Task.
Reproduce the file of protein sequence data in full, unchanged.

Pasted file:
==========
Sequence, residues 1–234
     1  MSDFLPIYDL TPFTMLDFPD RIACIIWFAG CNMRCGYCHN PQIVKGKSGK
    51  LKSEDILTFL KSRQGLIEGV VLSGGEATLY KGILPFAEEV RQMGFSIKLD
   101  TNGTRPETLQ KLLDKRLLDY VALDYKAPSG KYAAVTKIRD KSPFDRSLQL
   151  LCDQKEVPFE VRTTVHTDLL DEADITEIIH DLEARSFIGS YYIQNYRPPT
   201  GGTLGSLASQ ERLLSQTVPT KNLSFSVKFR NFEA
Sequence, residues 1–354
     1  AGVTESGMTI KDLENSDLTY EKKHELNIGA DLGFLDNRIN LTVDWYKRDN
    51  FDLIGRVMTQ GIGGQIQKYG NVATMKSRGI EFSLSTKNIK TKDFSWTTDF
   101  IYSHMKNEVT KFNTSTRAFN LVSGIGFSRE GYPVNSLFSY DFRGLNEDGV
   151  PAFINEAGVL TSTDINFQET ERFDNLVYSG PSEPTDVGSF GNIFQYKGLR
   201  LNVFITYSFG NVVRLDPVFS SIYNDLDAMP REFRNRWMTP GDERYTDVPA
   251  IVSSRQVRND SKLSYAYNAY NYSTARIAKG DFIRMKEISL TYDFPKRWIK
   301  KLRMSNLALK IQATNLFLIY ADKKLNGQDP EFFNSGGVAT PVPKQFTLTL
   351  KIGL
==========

Sequence, residues 1–234
     1  MSDFLPIYDL TPFTMLDFPD RIACIIWFAG CNMRCGYCHN PQIVKGKSGK
    51  LKSEDILTFL KSRQGLIEGV VLSGGEATLY KGILPFAEEV RQMGFSIKLD
   101  TNGTRPETLQ KLLDKRLLDY VALDYKAPSG KYAAVTKIRD KSPFDRSLQL
   151  LCDQKEVPFE VRTTVHTDLL DEADITEIIH DLEARSFIGS YYIQNYRPPT
   201  GGTLGSLASQ ERLLSQTVPT KNLSFSVKFR NFEA
Sequence, residues 1–354
     1  AGVTESGMTI KDLENSDLTY EKKHELNIGA DLGFLDNRIN LTVDWYKRDN
    51  FDLIGRVMTQ GIGGQIQKYG NVATMKSRGI EFSLSTKNIK TKDFSWTTDF
   101  IYSHMKNEVT KFNTSTRAFN LVSGIGFSRE GYPVNSLFSY DFRGLNEDGV
   151  PAFINEAGVL TSTDINFQET ERFDNLVYSG PSEPTDVGSF GNIFQYKGLR
   201  LNVFITYSFG NVVRLDPVFS SIYNDLDAMP REFRNRWMTP GDERYTDVPA
   251  IVSSRQVRND SKLSYAYNAY NYSTARIAKG DFIRMKEISL TYDFPKRWIK
   301  KLRMSNLALK IQATNLFLIY ADKKLNGQDP EFFNSGGVAT PVPKQFTLTL
   351  KIGL